FDR, however, keeps us guessing at his true ideological predilections when he spoke of assuming "unhesitatingly the leadership of this great army of our people, dedicated to a disciplined attack upon our common problems."  That line could have been uttered by Stalin or Hitler with equal comfort.

Alas, FDR is stuck with the shell of the old republic and he pays his obeisance: "Action in this image [charismatic leader ruling the people as if they were soldiers in an army] is feasible under the form of government which we have inherited from our ancestors."  Is he talking about his Dutch ancestors?  "Our Constitution is so simple and practical that it is possible always to meet extraordinary needs by changes in emphasis and arrangement without loss of essential form."  Keep the old forms, change the substance, con the people.  But if dictatorship be needed, the constitution be damned: 

"It is to be hoped that the normal balance of executive and legislative authority may be wholly adequate to meet the unprecedented task before us.  But it may be that an unprecedented demand and need for undelayed action may call for temporary departure from that normal balance of public procedure.  I am prepared under my constitutional duty to recommend the measures that a stricken nation in the midst of a stricken world may require.  But in the event that the Congress shall fail to take one of these courses, and in the event that the national emergency is still critical, I shall not evade the clear course of duty that will then confront me."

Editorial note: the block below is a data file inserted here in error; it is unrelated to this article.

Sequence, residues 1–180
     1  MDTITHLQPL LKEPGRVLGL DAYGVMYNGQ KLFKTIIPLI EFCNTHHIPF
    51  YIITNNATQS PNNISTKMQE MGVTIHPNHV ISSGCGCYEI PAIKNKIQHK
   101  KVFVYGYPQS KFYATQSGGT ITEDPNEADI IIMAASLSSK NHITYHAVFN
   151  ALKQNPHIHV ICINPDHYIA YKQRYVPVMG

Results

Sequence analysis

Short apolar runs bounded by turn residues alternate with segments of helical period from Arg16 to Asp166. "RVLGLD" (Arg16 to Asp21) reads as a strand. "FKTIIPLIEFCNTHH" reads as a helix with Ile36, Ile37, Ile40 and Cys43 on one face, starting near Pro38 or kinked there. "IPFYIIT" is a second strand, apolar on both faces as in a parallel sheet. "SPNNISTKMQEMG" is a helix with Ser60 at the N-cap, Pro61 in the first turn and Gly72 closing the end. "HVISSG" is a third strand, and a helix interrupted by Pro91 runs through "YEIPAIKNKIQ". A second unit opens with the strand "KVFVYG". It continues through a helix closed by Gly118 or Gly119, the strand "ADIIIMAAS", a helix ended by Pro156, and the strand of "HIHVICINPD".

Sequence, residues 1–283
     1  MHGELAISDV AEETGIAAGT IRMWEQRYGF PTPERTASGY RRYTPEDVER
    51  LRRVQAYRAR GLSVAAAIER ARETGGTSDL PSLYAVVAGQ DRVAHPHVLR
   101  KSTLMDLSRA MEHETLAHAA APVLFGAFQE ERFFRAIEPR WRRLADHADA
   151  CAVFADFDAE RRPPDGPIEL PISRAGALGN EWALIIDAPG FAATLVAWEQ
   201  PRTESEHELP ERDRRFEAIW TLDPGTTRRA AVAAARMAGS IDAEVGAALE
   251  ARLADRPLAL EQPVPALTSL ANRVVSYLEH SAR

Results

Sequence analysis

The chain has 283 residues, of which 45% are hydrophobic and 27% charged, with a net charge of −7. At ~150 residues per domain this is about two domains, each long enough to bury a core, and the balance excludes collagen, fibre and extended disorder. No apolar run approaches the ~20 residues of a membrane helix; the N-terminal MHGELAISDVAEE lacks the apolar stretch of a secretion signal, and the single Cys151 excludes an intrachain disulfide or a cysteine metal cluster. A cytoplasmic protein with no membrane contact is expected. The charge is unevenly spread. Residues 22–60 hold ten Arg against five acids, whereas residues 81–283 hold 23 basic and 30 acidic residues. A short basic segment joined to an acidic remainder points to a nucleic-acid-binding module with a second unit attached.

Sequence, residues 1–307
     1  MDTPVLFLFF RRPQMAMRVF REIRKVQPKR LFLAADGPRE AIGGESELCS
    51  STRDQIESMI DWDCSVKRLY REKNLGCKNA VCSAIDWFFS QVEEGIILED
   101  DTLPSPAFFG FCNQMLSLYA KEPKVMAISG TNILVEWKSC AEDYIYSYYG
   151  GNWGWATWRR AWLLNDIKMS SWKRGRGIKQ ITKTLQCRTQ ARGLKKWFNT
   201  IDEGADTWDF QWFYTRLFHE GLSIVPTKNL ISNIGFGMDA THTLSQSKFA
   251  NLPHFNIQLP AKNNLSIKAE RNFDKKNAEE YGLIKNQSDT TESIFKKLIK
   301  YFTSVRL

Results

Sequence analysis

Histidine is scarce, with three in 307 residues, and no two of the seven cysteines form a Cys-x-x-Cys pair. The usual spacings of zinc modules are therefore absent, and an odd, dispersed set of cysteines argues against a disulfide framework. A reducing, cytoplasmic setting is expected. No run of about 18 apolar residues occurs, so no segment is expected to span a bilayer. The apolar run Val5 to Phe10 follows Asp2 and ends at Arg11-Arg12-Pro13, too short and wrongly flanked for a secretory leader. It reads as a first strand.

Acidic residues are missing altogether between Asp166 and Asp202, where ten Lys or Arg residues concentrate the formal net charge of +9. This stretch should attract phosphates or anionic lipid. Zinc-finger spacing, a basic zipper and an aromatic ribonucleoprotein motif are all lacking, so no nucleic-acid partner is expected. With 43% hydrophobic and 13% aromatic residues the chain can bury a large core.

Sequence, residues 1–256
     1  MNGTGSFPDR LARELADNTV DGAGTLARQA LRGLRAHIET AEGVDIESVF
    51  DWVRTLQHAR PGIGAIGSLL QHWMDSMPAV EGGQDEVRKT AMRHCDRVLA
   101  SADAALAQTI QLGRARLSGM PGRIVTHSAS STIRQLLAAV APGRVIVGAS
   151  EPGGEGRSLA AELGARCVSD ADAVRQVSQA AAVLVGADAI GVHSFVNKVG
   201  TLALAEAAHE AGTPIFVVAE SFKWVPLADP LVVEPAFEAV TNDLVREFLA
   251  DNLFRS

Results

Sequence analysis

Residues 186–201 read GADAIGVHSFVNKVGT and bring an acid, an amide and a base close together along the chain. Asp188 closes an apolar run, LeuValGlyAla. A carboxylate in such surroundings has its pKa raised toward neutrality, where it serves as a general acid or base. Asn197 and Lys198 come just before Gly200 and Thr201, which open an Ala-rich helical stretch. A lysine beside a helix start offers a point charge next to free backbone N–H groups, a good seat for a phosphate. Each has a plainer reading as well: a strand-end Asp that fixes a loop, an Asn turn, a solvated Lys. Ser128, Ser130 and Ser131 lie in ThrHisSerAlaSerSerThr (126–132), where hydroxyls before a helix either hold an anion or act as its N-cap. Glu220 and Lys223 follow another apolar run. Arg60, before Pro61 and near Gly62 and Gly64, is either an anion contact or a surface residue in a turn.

FDR sums up: the people "have asked for discipline and direction under leadership.  They have made me the present instrument of their wishes.  In the spirit of the gift I will take it."  

Take that crown, Caesar!  "In this dedication of a nation we humbly ask the blessing of God.  May He protect each and every one of us!  May He guide me in the days to come!"  In the days which came, FDR would receive more guidance from Stalin than from God.  On March 4, 1933, the only thing we had to fear was—FDR himself.

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James Ostrowski practices law in Buffalo, NY. See his archive and send him MAIL.

See also No More Great Presidents, Government Caused, Fifty-Year Lesson, How FDR Made the Depression Worse